Weekly Wire
Memphis Flyer Man With A Mission

In defense of the suburban life.

By David Dawson

JUNE 19, 2000:  The suburbs are under siege. What else is new? For the past 50 years, at least, high-brow smarties have been looking at the residential perimeters of almost all American cities and smirking about all sorts of social sins. Conformity. Consumerism. Creative constipation. Racism. Classism. Anti-intellectualism.

There are indeed some heavy burdens heaped upon suburbia's shoulders these days. Almost without question or objection, the burbs are viewed both as a land of Gap-clad robots wasting their shallow lives in identical ranch houses and a quasi-spiritual force sucking the life out of our cities and destroying any semblance of community.

Need media examples of this consensus about suburbia? Most prominently, there's the movie palace, where you don't have to "look closer," as the marketing campaign for American Beauty dared us to do. Just a quick glance will do: Happiness, The Ice Storm, Welcome to the Dollhouse, The Truman Show, Pleasantville, and The Virgin Suicides (to name just a few recent films).

Television once used to portray the suburbs as paradise in shows like Ozzie and Harriet and Leave It to Beaver. Now you turn on the tube and you get The Simpsons and The Sopranos.

All around us, the diagnosis has been made, and it's terminal: Those of us who live in the suburbs are shallow and self-absorbed, addicted to our lawnmowers and our minivans, blind to our own misery. Our hallmarks are boredom, anonymity, self-delusion, secrecy, and a smug sense of security.

To which I say, nuts. It's high time to lay this dangerous nonsense to rest.

The suburbs, in truth, are terrific places to live. Diverse, stimulating, and full of interesting people, the suburbs are where people are building solid foundations for their lives, finding inner security, and creating real communities built upon values which have deep roots in America's history, and which are more potent by far than the latest fad handed down by the marketing honchos at MTV.

In fact, the only thing lacking in the suburbs -- and I mean the only thing -- is someone to stand up and refute the stream of silly clichés.

I present myself as just the person for the job.

My credentials: I grew up in the suburbs, came of age during the culture wars of the late '60s and early '70s, and lived for a good while in the old neighborhoods of Midtown. There was a spell when I, too, bought into the belief that the suburbs were little more than nesting grounds for Honda owners or a place where lesser Carnival nobility could languish during the off-season.

Then, a decade ago I moved back to the burbs, interested in finding a good place for my own kids to grow up. It's here, to cop a phrase from the Dead, that I chose as my place to mellow slow.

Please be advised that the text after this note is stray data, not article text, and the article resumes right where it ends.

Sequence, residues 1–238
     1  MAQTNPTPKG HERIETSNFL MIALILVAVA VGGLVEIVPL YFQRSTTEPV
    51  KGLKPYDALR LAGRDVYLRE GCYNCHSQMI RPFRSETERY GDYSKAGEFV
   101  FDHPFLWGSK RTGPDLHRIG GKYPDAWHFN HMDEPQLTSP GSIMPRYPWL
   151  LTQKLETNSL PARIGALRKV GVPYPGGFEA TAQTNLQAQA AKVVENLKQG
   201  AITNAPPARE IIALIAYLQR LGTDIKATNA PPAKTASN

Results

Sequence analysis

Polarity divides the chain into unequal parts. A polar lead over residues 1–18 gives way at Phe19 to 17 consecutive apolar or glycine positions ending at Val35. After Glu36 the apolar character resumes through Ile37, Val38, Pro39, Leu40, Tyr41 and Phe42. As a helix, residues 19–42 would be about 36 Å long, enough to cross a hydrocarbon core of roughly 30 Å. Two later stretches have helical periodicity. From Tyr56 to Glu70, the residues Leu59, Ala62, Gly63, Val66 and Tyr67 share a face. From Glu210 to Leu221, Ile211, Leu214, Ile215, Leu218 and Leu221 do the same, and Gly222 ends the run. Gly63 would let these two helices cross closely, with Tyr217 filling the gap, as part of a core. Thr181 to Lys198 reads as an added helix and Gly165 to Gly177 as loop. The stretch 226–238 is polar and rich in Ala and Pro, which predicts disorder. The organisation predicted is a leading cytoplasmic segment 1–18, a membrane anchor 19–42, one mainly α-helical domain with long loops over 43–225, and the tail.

I quickly found that I like it out here -- where the sun is always shining serenely on the sidewalk and there's always someone interesting on the other end of the cell phone -- even more than I had thought I would.

Hey, I know it's not perfect. Sometimes the cops are a bit trigger happy with those radar guns, and some days the parking lots at Saddle Creek and Wolfchase get a bit full. But by and large, I have to admit that there's little that I love more than to hunker down at the end of a busy day in the trusty Barcalounger, relax myself into a near-cadaverous state, and fire up the home entertainment center (heavy on the subwoofer, please). That, my friends, is living.

There are plenty of ways to go about correcting the mistaken impression that the suburbs are somehow evil or corrosive. Some of the tools I'll employ will be essays, interviews, reviews of relevant films and books, and straight-up reporting, all with the hope that I can shed some light on the many virtues and values of suburban life.

But the most useful item in my toolkit will be to directly answer whatever questions you might have about the burbs. Here's your chance, smarties. Fire away (send e-mail to burbland@bellsouth.net or send snail mail to 460 Tennessee Street, 38103). Who knows, if you get lucky, I might even enlighten you.

And look here, we already have our first handy question to ponder!

Lance B., from Southaven, writes in to ask: "Where are the suburbs, anyway?"

To which I answer: Dude. Get off it. Are those Oakleys or alien eyeballs on either side of your nose? I'm sure that some Harvard sociologist with a hyphenated Eastern European name (with too many vowels in it) could go on and on about demographics and neighborhoods and whatnot, but right now we need brevity. We'll get to the meatier definitions in the weeks to come.

For now, I'll offer a much simpler answer: The suburbs are where all the best pediatricians and psychiatrists have their offices. Say no more.

Now, send me some questions, class. I'm on a mission here.


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